19.2.07

Treacle tart for fashion victims


I´m a food fashion victim.

That´s worse than being a fashion victim. They buy must-have bags or shoes, and then, once they´re out of fashion, feel like they´d rather die than wear them. But I buy food and often forget about it, even often forget to check expiry dates. And that, unlike last year´s Louis Vouitton limited edition clutch, might actually make you die.

It´s just plain dangerous. Being the clothes equivalent of people who live on pot noodles, I thought I was exempt from the vagaries of labels. But oh no. Food packaging is so seductive and beautiful that I buy stuff just for its looks. All too often beauty is tin-deep, and those end up in the bin. Fot the rest, I´m willing to bank on packager´s overcautiosness, and eat things that are past their best before dates. Usually, there´s no problem, other than odd pairings. Yesterday we had a lunch of pasta with floppy, almost caramelized leeks and foie d´oie from a tin that was months due. For pudding, treacle tart, also from an aged tin.

Now that I´ve seen how easy it is, however, I bet I´ll never let another tin of Lyle´s golden syrup stay unused that long. This is Nigella´s recipe, from How to eat. It makes a thin tart, so it´s not so stodgy as you might expect. It´s golden, crunchy, chewy, dense and aromatic and all so many things that you just can´t beleive will fit inside one mouthful at once, and is just as simple as this:

Shortcrust pastry made from 100 gr. flour, stretched out very thin inside a 20 cm. tart case.I used the Thermomix recipe for 300 gr. and froze the rest.60 gr. fresh breadcrumbs (that is, not pan rallando from a bag), 225 gr golden syrup, which is half a tin, the juice and zest of half a lemon and three tablespoons of cream. The easiest method is to put the syrup in a pan until it´s runny, add crumbs and lemon zest and wait until it´s cooled down to add the cream. Or make the crumbs with the Th. and heat everything inside it, then add the cream.
By this time you´ll have finished blind baking the case, and can spoon in the filling. Put it in a 200ºC oven for 15 minutes, and then lower it to 180ºC and wait another 20, more or less, until the pastry is golden and the filling is set into a rusty dark yellow.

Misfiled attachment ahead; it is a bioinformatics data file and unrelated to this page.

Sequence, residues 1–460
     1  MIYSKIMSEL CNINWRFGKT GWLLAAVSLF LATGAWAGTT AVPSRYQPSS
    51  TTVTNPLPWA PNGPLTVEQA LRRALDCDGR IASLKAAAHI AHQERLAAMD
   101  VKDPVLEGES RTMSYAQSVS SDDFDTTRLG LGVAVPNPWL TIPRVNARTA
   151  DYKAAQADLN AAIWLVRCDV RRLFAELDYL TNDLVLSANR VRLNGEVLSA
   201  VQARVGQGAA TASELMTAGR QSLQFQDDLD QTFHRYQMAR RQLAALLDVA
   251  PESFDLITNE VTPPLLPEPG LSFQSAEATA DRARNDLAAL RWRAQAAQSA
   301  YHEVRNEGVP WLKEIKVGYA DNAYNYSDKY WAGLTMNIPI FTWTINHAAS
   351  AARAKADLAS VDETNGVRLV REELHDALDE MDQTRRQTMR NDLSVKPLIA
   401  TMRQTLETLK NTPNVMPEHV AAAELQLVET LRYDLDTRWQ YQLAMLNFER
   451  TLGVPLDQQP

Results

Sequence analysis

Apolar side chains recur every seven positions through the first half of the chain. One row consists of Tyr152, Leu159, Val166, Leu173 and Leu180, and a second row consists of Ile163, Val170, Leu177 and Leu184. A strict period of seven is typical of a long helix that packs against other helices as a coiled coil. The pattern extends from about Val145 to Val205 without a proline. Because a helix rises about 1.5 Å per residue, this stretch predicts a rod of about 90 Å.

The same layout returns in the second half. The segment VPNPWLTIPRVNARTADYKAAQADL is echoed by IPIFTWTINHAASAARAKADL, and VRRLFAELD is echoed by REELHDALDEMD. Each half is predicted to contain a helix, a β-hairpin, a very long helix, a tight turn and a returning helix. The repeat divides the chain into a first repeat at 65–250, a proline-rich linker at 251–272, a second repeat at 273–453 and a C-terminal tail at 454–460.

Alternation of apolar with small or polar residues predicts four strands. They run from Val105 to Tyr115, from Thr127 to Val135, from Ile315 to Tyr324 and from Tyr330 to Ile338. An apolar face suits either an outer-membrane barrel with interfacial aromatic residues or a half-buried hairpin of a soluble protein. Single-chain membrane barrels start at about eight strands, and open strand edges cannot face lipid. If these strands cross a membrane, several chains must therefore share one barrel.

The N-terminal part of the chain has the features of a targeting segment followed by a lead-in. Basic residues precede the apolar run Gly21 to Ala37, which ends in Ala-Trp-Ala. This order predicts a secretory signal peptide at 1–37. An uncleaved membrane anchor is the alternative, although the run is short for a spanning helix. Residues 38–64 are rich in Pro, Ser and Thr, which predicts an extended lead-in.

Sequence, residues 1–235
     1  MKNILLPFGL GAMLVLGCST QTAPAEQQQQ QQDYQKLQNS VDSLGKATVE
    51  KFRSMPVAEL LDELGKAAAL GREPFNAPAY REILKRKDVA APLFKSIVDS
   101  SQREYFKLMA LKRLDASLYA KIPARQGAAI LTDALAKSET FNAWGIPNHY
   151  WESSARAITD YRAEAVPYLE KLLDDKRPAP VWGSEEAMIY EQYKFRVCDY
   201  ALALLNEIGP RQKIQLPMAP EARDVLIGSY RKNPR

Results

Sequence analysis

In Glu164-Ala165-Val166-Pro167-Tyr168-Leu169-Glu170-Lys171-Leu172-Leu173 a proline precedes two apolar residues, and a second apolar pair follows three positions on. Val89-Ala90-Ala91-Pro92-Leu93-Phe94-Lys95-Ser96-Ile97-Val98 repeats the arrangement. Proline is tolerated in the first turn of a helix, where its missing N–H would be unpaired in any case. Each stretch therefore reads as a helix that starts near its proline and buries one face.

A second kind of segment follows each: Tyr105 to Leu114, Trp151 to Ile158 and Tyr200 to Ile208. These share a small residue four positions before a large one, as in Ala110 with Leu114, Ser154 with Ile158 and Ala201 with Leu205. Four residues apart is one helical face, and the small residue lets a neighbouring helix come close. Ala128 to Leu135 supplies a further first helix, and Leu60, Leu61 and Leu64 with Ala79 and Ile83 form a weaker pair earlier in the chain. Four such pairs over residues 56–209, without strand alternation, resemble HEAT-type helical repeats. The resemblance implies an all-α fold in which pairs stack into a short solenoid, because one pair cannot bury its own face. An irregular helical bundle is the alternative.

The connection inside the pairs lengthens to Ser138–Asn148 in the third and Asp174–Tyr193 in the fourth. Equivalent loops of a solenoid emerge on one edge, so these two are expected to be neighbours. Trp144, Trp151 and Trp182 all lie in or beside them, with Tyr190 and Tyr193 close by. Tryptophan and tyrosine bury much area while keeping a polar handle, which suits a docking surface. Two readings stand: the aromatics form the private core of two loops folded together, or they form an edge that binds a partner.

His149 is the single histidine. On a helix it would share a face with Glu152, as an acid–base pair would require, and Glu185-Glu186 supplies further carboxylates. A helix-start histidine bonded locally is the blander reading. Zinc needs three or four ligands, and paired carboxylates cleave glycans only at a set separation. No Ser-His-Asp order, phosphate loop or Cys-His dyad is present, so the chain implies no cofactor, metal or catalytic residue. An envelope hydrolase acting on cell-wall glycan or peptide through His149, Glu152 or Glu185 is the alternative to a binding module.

This is served hot, and people swear by vanilla ice cream. I prefer plain cream, since the treacle is really sweet enough.
Impulse buying and design madness pay off.

9 comentarios:

xps dijo...

Si. Por favor, quiero la otra mitad.

nek0 dijo...

I looooove Nigella! I have to try this ;)

nek0

Lydia dijo...

Is treacle what we call molasses in the US? If so, my husband will adore this tart!

tammy dijo...

I'm the same way with expiration dates. I figure, it's more of a suggestion. I was going to post something about it this week, actually.

Great minds think alike. See you in the ER!

Julie dijo...

I might worry a little about using foie d´oie past its pull date but not Lyle´s golden syrup. What could go wrong with that?

That tart sounds most appealing.

iamchanelle dijo...

You had me at "It´s golden, crunchy, chewy, dense and aromatic and all so many things that you just can´t believe it will fit inside one mouthful at once..."
That was so beautiful I could almost eat your description alone. :)
I must find golden syrup here in the US, but where? Anybody???

lobstersquad dijo...

xps: la tendrás, don´t worry
NekO: try it, it´s brilliant
Lydia: I think they´re light molasses. The dark sort are what are called black treacle in England
Julie: I worried about the foie, too, but we´ve finished the half kilo tin(sharing it) and everyone seems fine.
Chanelle: it´s definitely recommended. I guess there must be some online store for British expats, maybe?

Linda dijo...

i am the same way -- though on top of this shoppaholic quality we posess, I have a pet peev in wasting any food, weather it be half an onion or a block of tofu.. i can't stand it!

i just love your drawings!

Steph dijo...

Oats or oatmeal are really good with treacle tart, either used like the breadcrumbs in your recipe or sprinkles over the top to part toast, part melt into the syrup filling. I'm from the north of England, so maybe this is a northern thing :)

I love the Lyles syrup tins. People here in England think I'm mad as they are such an everyday kind of thing.

Steph

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